LayerZero is generalizable enough to run on any chain, across the full spectrum of security and scalability assumptions, thus meeting the need for instant guaranteed finality.
Relayer & Oracle
A cross-chain transaction consists of a transaction tA on A, a communication protocol between A and B, and a message m. As per valid delivery states, m is delivered if and only if tA is committed and valid. The key notion behind LayerZero is that if 2 distinct entities confirm the validity of a transaction (in this case, tA), then chain B may be certain that tA is valid.
LayerZero accomplishes this by integrating two separate entities: an Oracle, which gives the block header, and a Relayer, which offers the proofs associated with the aforementioned transaction.
LayerZero utilises the security attributes of the established oracles (Chainlink and Band) with an extra layer of security via the open relayer system by splitting duties between the Oracle and Relayer. While this may appear to be a minor distinction at first look, its ramifications are far-reaching. For starters, it means that the worst-case security of this new network is still equal to that of the Oracle. If you select Chainlink as your oracle, every malicious action in the system is still reliant on first defeating the Chainlink DON. Even if the Oracle’s consensus is corrupted, it also requires the Relayer’s active collusion.
The implementation of LayerZero Endpoint – the interface to LayerZero is a lightweight on-chain client, on multiple chains allowing cross-chain transactions. A LayerZero Endpoint is currently implemented as a series of smart contracts on each chain included in the LayerZero network. The core functionality of a LayerZero Endpoint is encapsulated in three modules: Communication, Validation, and Network.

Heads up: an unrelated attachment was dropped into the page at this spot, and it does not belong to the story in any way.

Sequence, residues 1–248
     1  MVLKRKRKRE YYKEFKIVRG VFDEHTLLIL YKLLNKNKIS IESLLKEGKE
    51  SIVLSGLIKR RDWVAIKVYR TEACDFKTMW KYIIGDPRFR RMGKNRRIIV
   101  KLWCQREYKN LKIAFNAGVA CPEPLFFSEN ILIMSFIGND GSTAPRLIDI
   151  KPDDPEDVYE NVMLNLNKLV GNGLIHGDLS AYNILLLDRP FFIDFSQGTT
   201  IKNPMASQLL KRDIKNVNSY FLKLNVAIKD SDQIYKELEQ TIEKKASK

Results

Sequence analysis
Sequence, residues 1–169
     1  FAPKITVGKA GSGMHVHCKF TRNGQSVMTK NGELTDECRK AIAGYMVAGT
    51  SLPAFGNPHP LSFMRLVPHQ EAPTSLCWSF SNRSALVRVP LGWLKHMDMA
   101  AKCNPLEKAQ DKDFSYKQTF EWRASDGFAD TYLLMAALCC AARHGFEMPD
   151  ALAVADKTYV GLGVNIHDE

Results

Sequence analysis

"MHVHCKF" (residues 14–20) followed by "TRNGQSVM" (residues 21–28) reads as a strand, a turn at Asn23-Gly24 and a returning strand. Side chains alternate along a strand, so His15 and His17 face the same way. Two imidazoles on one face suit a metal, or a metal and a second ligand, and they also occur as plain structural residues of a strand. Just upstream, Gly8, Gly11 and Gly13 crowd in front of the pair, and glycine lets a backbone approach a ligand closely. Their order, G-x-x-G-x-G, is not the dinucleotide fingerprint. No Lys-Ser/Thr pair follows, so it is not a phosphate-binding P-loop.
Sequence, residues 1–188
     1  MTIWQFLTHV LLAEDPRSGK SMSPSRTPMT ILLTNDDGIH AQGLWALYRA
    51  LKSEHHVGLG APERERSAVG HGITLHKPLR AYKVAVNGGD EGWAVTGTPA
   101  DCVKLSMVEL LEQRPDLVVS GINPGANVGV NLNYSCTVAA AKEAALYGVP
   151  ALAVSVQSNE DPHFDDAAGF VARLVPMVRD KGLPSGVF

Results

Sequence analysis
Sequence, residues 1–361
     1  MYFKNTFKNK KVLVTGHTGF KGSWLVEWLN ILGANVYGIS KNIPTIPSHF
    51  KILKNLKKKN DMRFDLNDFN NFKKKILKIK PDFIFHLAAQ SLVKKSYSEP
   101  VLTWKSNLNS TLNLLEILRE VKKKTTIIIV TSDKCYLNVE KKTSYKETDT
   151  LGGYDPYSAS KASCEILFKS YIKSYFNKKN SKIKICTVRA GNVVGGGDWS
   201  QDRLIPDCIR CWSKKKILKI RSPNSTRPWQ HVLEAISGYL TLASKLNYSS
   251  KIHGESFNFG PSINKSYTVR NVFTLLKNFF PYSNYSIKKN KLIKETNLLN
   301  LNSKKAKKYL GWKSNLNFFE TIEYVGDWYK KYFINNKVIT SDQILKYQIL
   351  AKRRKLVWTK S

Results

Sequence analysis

One key point of LayerZero Endpoint is that rather than replicating and storing block headers within the client, it delegates the task of fetching the necessary cross-chain headers and transaction proofs to off-chain entities: the Oracle and Relayer. This results in LayerZero Endpoints being incredibly lightweight, making them cost-effective even on expensive chains like Ethereum.
In addition to the core modules, LayerZero Endpoint can be extended via Libraries, which are auxiliary smart contracts that define how communication for a specific chain should be handled. Each chain in the LayerZero network has an associated Library, and each Endpoint includes a copy of every Library.
LayerZero is now in beta and has launched across EVM-compatible networks like Ethereum, Avalanche, Polygon, BNB Chain, Fantom, Arbitrum, and Optimism, with integrations on Solana and Cosmos coming soon.
While the first application to integrate with LayerZero was Stargate – a liquidity transport protocol, it’s worth emphasizing that cross-chain lending, yield aggregation, and trading are only the beginning.
Implementing The Dome, a system that (at the relayer level) deflects all attacks from malicious external contracts rendering them useless..
Blockchain networks that are diverse Cosmos, Polkadot, Avalanche and LayerZero provide remarkable infrastructures to support the internet of blockchains, demonstrating that the asynchronous heterogeneous network paradigm works effectively and is an enhancement over Bitcoin and Ethereum as they now function. They will eventually be able to support millions of daily active users and realize the user-owned and managed Web 3 vision.
Co-existence of these major architectures is healthy for a true decentralized internet, as they have their own design choices and tradeoffs in their own right. Based on the data across development activity and the total active addresses, Avalanche is currently take the lead. It is noteworthy that each platform has different priorities and limitations tailored to the specific circumstances they’ve outlined.
Kyros Research Team